Nancy Thayer’s The Guest Cottage is a delightful novel set on the picturesque island of Nantucket where a divorcee and widower find love as their families meld together.
I have never read anything by Thayer before – but in reading the reviews on Goodreads this is a very typical example of her work. It’s an enveloping work – I want to book a ticket to Nantucket immediately after reading this.
The plot is fairly straightforward; Sophie and Trevor are both given access to a guest cottage on Nantucket by respective friends. However, the other doesn’t know the other one is going to be there. Hijinks ensue. Sophie is regrouping after discovering that her marriage is in shambles and Trevor is there to hopefully help his (possibly autistic) son find peace after his mother’s death.
We know they’re going to get together, but we know that in all novels of this type, so clearly the excitement is in the journey. For me, this journey was a bit haphazard. Thayer proves that they are attracted to each other, that they settle into a routine of co-parenting and that they clearly have a deep level of trust. However, Trevor also sleeps with someone else in the course of the story and the actual “will you marry me” conversation came out of freaking nowhere for me.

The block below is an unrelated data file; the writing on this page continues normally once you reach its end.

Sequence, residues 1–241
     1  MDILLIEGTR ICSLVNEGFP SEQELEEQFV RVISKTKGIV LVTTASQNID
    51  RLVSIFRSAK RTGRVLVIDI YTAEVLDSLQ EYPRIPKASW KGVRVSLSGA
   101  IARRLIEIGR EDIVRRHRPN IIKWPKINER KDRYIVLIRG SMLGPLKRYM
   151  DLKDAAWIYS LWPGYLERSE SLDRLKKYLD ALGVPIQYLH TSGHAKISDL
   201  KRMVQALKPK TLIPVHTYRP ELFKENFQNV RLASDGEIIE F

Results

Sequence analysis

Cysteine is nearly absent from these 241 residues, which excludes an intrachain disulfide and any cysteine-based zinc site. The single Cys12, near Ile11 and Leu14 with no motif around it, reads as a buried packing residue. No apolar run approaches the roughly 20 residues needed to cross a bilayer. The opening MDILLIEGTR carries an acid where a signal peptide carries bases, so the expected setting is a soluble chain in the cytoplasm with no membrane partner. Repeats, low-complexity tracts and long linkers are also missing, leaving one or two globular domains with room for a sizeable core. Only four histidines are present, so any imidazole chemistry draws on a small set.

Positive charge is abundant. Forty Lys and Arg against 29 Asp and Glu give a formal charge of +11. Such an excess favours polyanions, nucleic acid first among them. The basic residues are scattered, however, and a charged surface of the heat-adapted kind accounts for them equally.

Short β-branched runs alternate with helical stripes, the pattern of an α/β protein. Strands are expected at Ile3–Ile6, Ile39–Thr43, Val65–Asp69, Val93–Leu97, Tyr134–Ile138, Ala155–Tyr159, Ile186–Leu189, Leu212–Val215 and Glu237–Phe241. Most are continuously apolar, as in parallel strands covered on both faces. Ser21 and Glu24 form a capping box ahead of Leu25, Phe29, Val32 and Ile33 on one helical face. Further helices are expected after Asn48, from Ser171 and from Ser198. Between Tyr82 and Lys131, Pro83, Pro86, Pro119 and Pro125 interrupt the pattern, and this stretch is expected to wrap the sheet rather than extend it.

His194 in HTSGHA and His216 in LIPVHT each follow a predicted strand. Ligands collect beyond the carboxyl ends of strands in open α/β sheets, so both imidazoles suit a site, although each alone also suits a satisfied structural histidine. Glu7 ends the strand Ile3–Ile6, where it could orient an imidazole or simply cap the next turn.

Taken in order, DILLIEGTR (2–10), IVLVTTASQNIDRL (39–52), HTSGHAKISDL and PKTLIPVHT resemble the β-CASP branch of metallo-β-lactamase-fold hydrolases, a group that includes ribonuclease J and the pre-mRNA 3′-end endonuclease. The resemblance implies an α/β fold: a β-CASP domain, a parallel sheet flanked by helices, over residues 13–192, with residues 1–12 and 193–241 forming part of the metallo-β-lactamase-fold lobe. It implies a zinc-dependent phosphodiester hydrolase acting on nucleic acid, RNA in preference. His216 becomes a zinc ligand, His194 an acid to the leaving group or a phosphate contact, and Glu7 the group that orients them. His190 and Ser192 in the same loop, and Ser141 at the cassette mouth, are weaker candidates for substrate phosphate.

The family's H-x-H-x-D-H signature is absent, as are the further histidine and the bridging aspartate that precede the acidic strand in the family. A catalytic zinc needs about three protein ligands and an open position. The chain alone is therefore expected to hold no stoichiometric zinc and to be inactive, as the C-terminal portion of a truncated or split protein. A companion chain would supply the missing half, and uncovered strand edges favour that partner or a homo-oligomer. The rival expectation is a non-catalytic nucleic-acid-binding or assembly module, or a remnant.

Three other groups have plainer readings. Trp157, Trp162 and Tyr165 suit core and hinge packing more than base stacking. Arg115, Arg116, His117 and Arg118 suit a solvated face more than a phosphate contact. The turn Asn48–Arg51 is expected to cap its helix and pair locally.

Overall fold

The fact that Trevor and Sophie get their happily ever after usually means a novel would be categorized as a romance, versus a book with romantic elements, but in this case the book just didn’t feel like a romance. It was an odd feeling. I knew they would eventually find each other, but once they did, I didn’t really believe they chose each other. Especially with their kids thrown in – is the course of a summer really enough to decide to completely blend families? I know we look to novels for escape and I certainly do, but sometimes things just take you out of the moment, you know? And the abrupt ending on this one did that for me.
Enjoyable, yes. Thayer is a good storyteller and I enjoyed reading this. I just found the ending a little quick. Recommended to enjoy with a refreshing glass of lemonade or iced tea to reflect the summery setting.
- Nantucket Island Website:: want to know more about the setting for this lovely novel? Start here!
- Fiction set on Nantucket:: fell for this lovely island? Check out more books set there.
- Holidays for children with autism:: one of the things children on the autistic disorder spectrum struggle with is breaks in routine. This site recommends how to holiday with children in that situation.
- Resources for children dealing with divorce:: it’s clearly a sensitive and difficult time. This site provides some guidance Sophie may have availed herself of.
I received this book from NetGalley in exchange for a fair and honest review.